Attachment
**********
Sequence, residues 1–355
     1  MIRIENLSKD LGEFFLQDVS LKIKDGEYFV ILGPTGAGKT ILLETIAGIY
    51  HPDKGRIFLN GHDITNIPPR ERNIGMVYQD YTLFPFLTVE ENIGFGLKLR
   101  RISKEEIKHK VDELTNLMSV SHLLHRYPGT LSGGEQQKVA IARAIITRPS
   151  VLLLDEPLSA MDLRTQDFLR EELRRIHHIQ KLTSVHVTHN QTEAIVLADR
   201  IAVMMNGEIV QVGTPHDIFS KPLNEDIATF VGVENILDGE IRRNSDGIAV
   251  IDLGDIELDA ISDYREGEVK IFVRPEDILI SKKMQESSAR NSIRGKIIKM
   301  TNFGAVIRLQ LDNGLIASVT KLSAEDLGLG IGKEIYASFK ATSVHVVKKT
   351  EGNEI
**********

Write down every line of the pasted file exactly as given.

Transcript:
Sequence, residues 1–355
     1  MIRIENLSKD LGEFFLQDVS LKIKDGEYFV ILGPTGAGKT ILLETIAGIY
    51  HPDKGRIFLN GHDITNIPPR ERNIGMVYQD YTLFPFLTVE ENIGFGLKLR
   101  RISKEEIKHK VDELTNLMSV SHLLHRYPGT LSGGEQQKVA IARAIITRPS
   151  VLLLDEPLSA MDLRTQDFLR EELRRIHHIQ KLTSVHVTHN QTEAIVLADR
   201  IAVMMNGEIV QVGTPHDIFS KPLNEDIATF VGVENILDGE IRRNSDGIAV
   251  IDLGDIELDA ISDYREGEVK IFVRPEDILI SKKMQESSAR NSIRGKIIKM
   301  TNFGAVIRLQ LDNGLIASVT KLSAEDLGLG IGKEIYASFK ATSVHVVKKT
   351  EGNEI